her benefit, she was so proud of me. Meanwhile I decided that
after 2 near misses of the neighbors 2 story house directly in
my flight path, I needed to do something to get this helicopter
on the ground before I ran it out of fuel. This time I slowed
it down prior to crossing the power lines and was able to neatly
bring it into a hover directly over the helipad. I learned several
lessons from that first solo flight to altitude. The first being
to always be 100% certain that all items in the helicopter are
secure and that there is no possibility that anything can exit
the cabin to be caught in the tail rotor. I was lucky on that
first flight and vowed that I would never allow myself to be in
that situation again.
The second lesson that I learned was that I needed more flight
training before I launched into the skies again. I promptly hired
a Rotorway-Experienced flight instructor by the name of Jim Sagerser
to come to my location and we worked on approaches, departures,
quick stops, and autorotations, straight-in, 90 degree, and 180
degree autos until I could do them proficiently every time. Now
here it is nearly 20 years later and I find myself doing the same
thing, providing flight instruction to a student who realizes
that he is not prepared to test fly his new helicopter.
As I write this article I am on an American Airlines flight to
California to dynamically balance, test fly, and then instruct
a student who rolled his helicopter after 3 years of intensive
construction work followed by 10 hours of Phase I factory training.
He had no prior helicopter flight training until he attended the
factory school. After 10 hours of factory flight training he received
his solo-to-hover endorsement. He returned home to his brand new
helicopter. He was now a TEST PILOT on a never-before-flown helicopter,
a recipe for disaster.
As he gingerly lifted the helicopter into a hover the helicopter
felt completely different than the one he had flown at the factory
school. It yawed to the left and the tail rotor contacted the
ground resulting in an un commanded spin to the left followed
by a dynamic rollover. As Tony crawled from the wreckage fuel
spilled onto the red hot exhaust and ignited. Tony emptied several
fire extinguishers onto the flames but they were not enough to
extinguish the fire. As he stood back and watched his labor of
love burn into a sagging framework of metal tubing and a puddle
of bright aluminum that was once his engine, he determined that
he would rebuild and then he would get thorough flight training
in his own helicopter before flying it himself.
Once the fire was out, the only thing salvageable was the transponder
antenna. Over the last three years he built a new Exec 162 around
that original transponder antenna and now I am going to first
inspect his helicopter, then help him with the rigging and balancing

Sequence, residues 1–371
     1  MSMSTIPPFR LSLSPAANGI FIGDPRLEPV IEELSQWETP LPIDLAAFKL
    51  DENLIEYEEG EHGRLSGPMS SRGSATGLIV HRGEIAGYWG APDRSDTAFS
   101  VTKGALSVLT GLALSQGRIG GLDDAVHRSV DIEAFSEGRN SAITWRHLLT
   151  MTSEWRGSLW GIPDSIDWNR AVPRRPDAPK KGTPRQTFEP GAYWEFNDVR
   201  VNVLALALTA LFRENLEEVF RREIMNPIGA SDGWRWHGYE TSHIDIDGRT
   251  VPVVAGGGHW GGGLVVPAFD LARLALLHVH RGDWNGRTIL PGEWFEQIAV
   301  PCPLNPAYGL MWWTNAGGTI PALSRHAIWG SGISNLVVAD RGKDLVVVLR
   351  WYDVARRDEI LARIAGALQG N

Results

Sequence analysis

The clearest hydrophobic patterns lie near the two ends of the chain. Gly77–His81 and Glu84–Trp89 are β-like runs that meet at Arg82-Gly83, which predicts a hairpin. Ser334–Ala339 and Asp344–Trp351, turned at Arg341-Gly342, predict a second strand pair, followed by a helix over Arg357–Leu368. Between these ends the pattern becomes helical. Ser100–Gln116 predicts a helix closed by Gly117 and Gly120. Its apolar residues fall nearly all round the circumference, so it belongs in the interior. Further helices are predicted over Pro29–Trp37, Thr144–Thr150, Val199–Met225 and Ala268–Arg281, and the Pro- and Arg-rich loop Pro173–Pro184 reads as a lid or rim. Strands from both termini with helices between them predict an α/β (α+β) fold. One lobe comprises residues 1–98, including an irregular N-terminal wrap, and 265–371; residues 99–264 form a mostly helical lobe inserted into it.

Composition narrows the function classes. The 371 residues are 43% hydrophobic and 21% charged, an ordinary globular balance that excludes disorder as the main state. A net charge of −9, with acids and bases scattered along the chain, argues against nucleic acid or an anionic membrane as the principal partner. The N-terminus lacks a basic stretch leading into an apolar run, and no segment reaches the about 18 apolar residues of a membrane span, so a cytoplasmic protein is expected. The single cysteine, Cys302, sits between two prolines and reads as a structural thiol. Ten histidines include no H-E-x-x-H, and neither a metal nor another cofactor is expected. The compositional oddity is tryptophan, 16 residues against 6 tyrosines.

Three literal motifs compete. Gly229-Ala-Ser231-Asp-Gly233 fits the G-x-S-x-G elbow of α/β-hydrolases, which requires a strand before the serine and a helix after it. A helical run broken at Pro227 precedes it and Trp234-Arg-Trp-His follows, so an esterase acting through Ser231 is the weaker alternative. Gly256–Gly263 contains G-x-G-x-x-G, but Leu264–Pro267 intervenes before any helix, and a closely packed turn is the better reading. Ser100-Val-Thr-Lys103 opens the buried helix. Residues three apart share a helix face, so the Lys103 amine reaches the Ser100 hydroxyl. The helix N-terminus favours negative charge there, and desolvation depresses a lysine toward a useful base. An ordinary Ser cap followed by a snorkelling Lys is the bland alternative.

of the rotor system and controls, then test fly it for him, and
finally provide him with the flight instruction that he needs.
This time he wants to know how to fly this second Rotorway that
he built with 100% certainty that he can control it before he
once again tries solo flight.
Let=s summarize this unfortunate chain of events:
1. Several years and many thousands of $$$$ building the helicopter
2. Minimal flight training but having a hover endorsement nonetheless
3. Beginning the first ever test flight of a new helicopter that
has never been flown
4. Lift the helicopter off the ground
5. Experience a Dynamic rollover
6. Subsequent fire consumes all but the transponder antenna
7. Spends several year building another helicopter around the
8. Get proper hover training after the ship is professionally
flight tested rigged, and balanced.
( Tony now has several years and many fun-filled hours flying
his Rotorway around the northern California area).
Another service that I now include in my flight training is proper
rigging and dynamic balancing of the main and tail rotor systems
prior to flight training. Since I began offering dynamic balancing
and then test flying each helicopter before we begin flight training,
that training has been so much more enjoyable with a properly
rigged and smooth-running ship.
Here is a list of definite Do=s to remember regarding your newly
built and inspected experimental helicopter.
1. Do get proper training prior to flying your newly built helicopter
including many autorotations. These should include straight in,
90 degree, and 180 autos so that the helicopter can be turned
into the wind for landing should a power or drive train failure
2. Do make sure that your helicopter is properly dynamically
balanced prior to flying it. An out of balance main or tail rotor
system will cause not only unwanted vibrations in the cockpit,
but also will accelerate the wear on the components of those systems.
The replacement parts are expensive where the dynamic balancing
of those systems is very cost effective.
3. Insure that you have secured everything in the cabin prior
to flight. Brief you passenger regarding loose items. Anything
in the pockets or on the belt that could possibly either exit
out the door or jam a flight control. A cell phone, wallet, sweater,
knee board, sectional chart, manual, etc could blow out that open
door and take out your helicopter and your life. A wallet can
jam the collective lever. A cell phone or camera can fall below
the collective preventing full down movement should the need arise
to drop the collective for a descent or autorotation.
Dan Van Duesen nearly lost his beloved Taz (Exec Extraordinary)
when he lifted off with a cameraman from the factory during the
RWI Grand opening. The camera which hung by a strap from the neck
of the cameraman slipped down behind the cyclic and when the cyclic
was eased forward and the helicopter began moving, the camera
slipped down even further and prevented any aft cyclic movement.
We watched as Dan's helicopter raced toward the parked airplanes
and finally slid to a stop as Dan used his skill to do a run-on
landing, a dicey maneuver in a Rotorway helicopter without the
extended skids and skid shoes.
You should get into the habit of always using a written check
list to perform your pre-flight and pre-boarding inspections because
it is easy to forget a crucial step if trying to do them from
memory. Be careful, do a thorough pre-flight inspection, perform
a proper pre-boarding(walk-around) inspection prior to every flight,
secure your cabin and passenger of loose items, brief your passengers,
and then get out there and enjoy your helicopters. You have a
privilege that many dream of but only a few are able to enjoy.
Traveling Certified Flight Instructor Rotorcraft/Helicopter